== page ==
Independent Viewpoint: Renee Doegar, London Review of Books

Winning a PPA Independent Publisher Award was the culmination of a lot of hard work for the marketing team at the London Review of Books, which has been instrumental in a decade of subscriptions growth. Head of Marketing Renee Doegar explains the secret to their success and how the LRB is planning for future growth.

What does winning Team of the Year at the PPA Independent Publisher Awards mean to LRB and to you?

We feel so honoured to have won the PPA award for Team of the Year! As longstanding PPA members, we truly recognise what a great achievement the award is. The London Review of Books has had consistent subscription growth for over a decade, which is no small feat bearing in mind the recent instabilities in our industry.

What's the secret of your success?

We feel that this award really serves to highlight the success of our operation as a whole. A passionate editorial team create a magazine of unmatched content every two weeks, this is then successfully disseminated across multiple channels by our production team, with strong ROI measurement by the finance team. The Marketing Team capitalises on the great work done by our colleagues, taking advantage of these opportunities and audiences. The award may say ‘Marketing Team,’ but we feel it’s a reflection on the whole organisation.

What specific achievements have you been particularly proud of over the past 12-18 months?

As a department, we have really focused our efforts on the channels that have the best return, and we are finding this increasingly in digital. We run all of our digital marketing campaigns (social media, emails, adwords etc.) in-house as a small team. This demands huge dedication and passion, but we believe that no one cares about the fine detail and success of our campaign more than we do!


London Review of Books

 

What are the main areas of focus for the LRB?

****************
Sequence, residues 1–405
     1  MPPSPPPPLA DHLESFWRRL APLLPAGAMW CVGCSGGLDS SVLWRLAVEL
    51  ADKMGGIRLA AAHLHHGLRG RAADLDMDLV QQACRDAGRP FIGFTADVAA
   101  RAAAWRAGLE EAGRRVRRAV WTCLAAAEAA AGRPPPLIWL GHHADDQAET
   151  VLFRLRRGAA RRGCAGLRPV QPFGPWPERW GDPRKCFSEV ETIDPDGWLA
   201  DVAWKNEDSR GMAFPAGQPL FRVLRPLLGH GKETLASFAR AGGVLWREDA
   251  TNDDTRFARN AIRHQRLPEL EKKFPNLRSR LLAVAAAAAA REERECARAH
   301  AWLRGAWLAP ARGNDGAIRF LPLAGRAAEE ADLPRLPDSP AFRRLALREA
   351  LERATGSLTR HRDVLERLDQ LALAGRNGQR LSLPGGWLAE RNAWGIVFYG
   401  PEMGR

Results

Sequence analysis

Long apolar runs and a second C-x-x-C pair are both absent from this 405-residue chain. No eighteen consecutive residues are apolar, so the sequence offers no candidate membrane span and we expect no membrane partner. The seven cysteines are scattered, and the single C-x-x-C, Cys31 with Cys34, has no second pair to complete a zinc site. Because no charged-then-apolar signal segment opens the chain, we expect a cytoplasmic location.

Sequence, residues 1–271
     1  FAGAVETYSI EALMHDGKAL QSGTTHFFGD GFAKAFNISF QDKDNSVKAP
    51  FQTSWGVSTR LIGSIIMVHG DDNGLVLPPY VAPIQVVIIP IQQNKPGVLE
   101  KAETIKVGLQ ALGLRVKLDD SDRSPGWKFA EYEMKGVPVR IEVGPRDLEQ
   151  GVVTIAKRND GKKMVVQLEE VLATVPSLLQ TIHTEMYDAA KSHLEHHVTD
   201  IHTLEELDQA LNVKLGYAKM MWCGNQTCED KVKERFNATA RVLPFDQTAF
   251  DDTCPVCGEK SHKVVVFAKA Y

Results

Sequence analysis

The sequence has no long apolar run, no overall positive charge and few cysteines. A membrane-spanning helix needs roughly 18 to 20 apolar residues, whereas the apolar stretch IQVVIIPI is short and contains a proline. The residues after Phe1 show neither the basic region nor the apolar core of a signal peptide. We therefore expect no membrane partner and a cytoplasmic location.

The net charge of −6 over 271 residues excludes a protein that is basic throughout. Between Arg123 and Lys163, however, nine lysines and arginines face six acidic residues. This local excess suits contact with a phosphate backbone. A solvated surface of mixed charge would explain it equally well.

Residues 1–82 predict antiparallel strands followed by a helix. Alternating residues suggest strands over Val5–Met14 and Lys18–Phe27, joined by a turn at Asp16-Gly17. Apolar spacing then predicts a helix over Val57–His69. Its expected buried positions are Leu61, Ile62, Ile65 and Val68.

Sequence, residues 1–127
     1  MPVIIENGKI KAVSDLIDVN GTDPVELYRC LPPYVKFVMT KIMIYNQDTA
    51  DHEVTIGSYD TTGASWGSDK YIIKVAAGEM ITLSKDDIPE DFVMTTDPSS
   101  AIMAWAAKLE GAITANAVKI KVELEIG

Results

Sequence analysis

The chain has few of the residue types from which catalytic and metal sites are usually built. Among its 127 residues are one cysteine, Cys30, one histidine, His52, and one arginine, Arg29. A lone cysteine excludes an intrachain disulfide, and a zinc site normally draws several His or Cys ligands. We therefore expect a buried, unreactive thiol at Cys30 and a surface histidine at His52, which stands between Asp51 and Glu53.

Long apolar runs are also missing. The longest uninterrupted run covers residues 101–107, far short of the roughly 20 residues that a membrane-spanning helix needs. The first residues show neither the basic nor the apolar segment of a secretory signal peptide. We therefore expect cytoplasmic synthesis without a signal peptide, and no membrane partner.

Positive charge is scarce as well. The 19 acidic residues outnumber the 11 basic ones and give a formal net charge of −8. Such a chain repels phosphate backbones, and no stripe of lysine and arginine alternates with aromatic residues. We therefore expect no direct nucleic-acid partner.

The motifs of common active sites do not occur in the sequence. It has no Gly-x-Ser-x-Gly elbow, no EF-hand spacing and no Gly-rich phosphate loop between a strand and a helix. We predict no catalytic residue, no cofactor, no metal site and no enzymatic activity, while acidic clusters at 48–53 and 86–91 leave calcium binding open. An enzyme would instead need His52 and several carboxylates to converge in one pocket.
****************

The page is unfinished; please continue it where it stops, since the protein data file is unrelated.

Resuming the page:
The LRB has always been proud of the print magazine we produce, and the incredibly high standard of our paper published every two weeks. But 2017 is also bringing some exciting digital developments. In an effort to maximise our content’s reach, worldwide customer engagement with our content, and, of course, the revenue through digital, we have hired a new in-house digital team to completely revamp the LRB’s digital presence. It’s certainly a main focus and an incredibly exciting time for us, as we welcome a Product Manager, Digital Editor, Creative Director, Front and Back End Developers, and User Researcher to the LRB.

How will that change the LRB over the next few years?

We do not foresee a time when we will stop publishing our print magazine, but we want our readers to be able to access our content as easily as possible across all devices. This digital, agile approach to our product will not only allow us to target new audiences and offer new types of content but also significantly improve our offer to current subscribers.

How do you judge the mood among independent publishers? What are you optimistic about? 

I think it’s much better than it was a few years ago. Formerly, there was so much trepidation in the industry (about metered access, free/paid content, mobile, cost of print, etc). The LRB was lucky to weather that storm with increasing subscription growth, but it’s nice to see other publishers entering a smoother period too. The hunger for great writing and quality printed material hasn’t died, and I think that’s a wonderful thing to see. I hate to imagine a world without books and magazines.

 


The hunger for great writing and quality printed material hasn’t died. I hate to imagine a world without books and magazines